The Consequences Of Acid Rain
Pre-industrial revolution, humans beings used to live a primitive life whereby they used wood for cooking, warming house; as biofuel. Even later when they lived in houses, they used candles to light up their homes. Post-industrial revolution, human beings discovered new energy resources which have made life much easier to live. And the discovery of these resources (coal and oil), have also supported the advancement of new technologies e.g. automobiles, airplanes, generation of electricity from power stations and so on. However, though the exploitation of these resources have made life much easier, they have resulted also in environmental degradation in varies ways (air pollution, a warning earth, land degradation, etc.), something …show more content…
The more accurate term used by Scientists is “acid deposition” which covers the two types of acid rain which are wet deposition (rain, snow, fog, mist) and dry deposition (dry particles, gas) (Dubey, 2013; Singh & Agrawal, 2008).
The acidity or alkalinity of a liquid/solution is measured on the pH scale ranging from 0 to 14. Any liquid with pH of 7 is neutral e.g. distilled water has a pH of 7 (is neutral) when carbon dioxide is removed (Dubey, 2013). A liquid with pH of 1 is highly acidic and that with a pH of 14 is highly alkaline (or basic) (Kulp, 1990) (See Figure 1).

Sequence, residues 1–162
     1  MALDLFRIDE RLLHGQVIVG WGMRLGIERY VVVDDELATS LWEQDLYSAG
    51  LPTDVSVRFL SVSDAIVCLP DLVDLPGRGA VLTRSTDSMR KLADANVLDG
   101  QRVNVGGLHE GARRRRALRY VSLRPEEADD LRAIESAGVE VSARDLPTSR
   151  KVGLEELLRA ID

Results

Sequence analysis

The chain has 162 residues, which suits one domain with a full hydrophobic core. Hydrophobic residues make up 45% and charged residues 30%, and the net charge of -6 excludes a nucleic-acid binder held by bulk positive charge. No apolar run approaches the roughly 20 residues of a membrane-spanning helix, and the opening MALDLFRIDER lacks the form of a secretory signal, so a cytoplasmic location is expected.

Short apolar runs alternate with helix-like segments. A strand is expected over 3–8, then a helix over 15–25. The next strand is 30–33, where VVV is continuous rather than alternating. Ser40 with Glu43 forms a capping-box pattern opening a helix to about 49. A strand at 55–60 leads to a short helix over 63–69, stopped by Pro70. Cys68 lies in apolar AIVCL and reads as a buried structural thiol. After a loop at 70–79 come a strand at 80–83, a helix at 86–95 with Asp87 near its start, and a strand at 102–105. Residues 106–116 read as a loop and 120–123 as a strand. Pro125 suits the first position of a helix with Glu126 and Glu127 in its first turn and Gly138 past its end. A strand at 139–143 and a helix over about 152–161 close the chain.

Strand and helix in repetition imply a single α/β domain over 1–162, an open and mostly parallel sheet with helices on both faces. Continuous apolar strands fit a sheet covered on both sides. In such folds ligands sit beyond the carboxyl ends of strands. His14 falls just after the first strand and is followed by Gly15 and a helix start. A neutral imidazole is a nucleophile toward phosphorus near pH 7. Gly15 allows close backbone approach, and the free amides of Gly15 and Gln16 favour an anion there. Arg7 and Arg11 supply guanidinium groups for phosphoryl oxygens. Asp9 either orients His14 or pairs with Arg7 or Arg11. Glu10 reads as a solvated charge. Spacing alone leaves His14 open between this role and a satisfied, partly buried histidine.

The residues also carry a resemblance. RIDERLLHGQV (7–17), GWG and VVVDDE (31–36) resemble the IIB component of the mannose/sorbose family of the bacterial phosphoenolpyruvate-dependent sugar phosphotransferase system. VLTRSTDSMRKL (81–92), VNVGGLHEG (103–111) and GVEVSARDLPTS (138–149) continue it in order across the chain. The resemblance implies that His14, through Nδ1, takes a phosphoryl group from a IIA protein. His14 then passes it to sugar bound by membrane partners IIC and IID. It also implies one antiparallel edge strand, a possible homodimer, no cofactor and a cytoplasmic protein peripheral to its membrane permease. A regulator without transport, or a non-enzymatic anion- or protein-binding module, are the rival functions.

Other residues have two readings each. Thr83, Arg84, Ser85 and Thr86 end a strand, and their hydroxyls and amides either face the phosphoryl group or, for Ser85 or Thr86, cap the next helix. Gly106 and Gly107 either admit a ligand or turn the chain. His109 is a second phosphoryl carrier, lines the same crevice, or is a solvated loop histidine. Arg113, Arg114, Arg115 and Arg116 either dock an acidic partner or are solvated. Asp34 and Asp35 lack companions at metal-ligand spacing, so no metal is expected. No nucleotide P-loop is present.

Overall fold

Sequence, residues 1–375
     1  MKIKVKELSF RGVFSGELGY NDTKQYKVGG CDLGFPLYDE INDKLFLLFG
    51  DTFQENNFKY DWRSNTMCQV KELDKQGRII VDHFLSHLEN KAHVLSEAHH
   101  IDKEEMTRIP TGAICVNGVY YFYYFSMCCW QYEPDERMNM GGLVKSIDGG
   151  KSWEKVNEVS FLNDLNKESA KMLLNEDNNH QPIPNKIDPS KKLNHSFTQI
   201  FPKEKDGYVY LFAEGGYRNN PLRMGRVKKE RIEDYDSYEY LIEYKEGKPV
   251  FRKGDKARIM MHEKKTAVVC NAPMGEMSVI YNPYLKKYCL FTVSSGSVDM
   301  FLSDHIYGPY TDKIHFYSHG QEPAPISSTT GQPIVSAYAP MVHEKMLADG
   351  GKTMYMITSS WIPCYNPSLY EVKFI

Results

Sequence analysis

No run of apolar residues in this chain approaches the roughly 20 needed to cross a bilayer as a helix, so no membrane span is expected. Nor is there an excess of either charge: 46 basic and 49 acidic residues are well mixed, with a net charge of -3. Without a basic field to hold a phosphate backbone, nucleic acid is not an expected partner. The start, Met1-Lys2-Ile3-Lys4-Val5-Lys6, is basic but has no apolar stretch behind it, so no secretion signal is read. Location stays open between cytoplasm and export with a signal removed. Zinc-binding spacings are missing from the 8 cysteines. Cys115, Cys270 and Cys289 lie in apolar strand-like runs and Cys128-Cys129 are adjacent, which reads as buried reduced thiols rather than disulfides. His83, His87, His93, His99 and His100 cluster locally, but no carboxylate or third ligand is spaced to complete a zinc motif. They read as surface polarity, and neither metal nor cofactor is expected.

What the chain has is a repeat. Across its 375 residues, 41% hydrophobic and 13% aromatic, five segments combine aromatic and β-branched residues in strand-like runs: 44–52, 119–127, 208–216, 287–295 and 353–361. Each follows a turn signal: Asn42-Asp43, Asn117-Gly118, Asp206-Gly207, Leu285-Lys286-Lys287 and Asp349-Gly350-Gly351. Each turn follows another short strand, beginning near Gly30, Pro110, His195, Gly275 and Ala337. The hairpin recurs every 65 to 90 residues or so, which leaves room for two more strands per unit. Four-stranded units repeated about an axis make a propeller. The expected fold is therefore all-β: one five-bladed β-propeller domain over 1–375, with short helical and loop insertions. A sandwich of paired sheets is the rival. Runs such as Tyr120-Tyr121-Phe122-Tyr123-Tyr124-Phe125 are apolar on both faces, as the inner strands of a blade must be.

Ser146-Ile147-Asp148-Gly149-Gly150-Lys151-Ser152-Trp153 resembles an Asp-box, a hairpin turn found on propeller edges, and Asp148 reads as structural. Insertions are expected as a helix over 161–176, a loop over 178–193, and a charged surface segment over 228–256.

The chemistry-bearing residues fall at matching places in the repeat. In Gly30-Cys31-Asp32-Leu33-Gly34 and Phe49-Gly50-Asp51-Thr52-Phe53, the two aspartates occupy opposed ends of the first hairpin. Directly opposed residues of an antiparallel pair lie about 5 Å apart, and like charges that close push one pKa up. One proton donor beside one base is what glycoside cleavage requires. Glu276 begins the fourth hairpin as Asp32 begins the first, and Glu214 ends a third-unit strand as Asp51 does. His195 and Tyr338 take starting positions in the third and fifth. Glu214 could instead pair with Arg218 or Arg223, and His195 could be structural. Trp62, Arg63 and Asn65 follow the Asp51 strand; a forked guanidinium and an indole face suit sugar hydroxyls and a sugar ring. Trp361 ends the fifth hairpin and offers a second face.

Figure 1: pH scale showing the pH of various solutions with normal rain at pH of 5.6 (HowStuffWorks, 2007).
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2.1 Causes of acid …show more content…
The acid rain does not kill trees directly; instead it weakens them as the essential nutrients are removed from the soils or stripped from the leaves by acid fog. The effects of acid rain in trees include slowed tree growth, leaves turning brown and falling off and exposing trees to the heavy toxic substances that are released from the soils (Botkin & Keller, 2014; Dubey, 2013). The toxic substances, such as aluminium, damage trees. The injury or death of trees is often the result of these effects of acid rain combined with one or more additional threats (Dubey, 2013).
The effects of acid rain on food crops are usually minimised because farmers frequently add fertilizers to the soils to replace the leached nutrients. Sometimes
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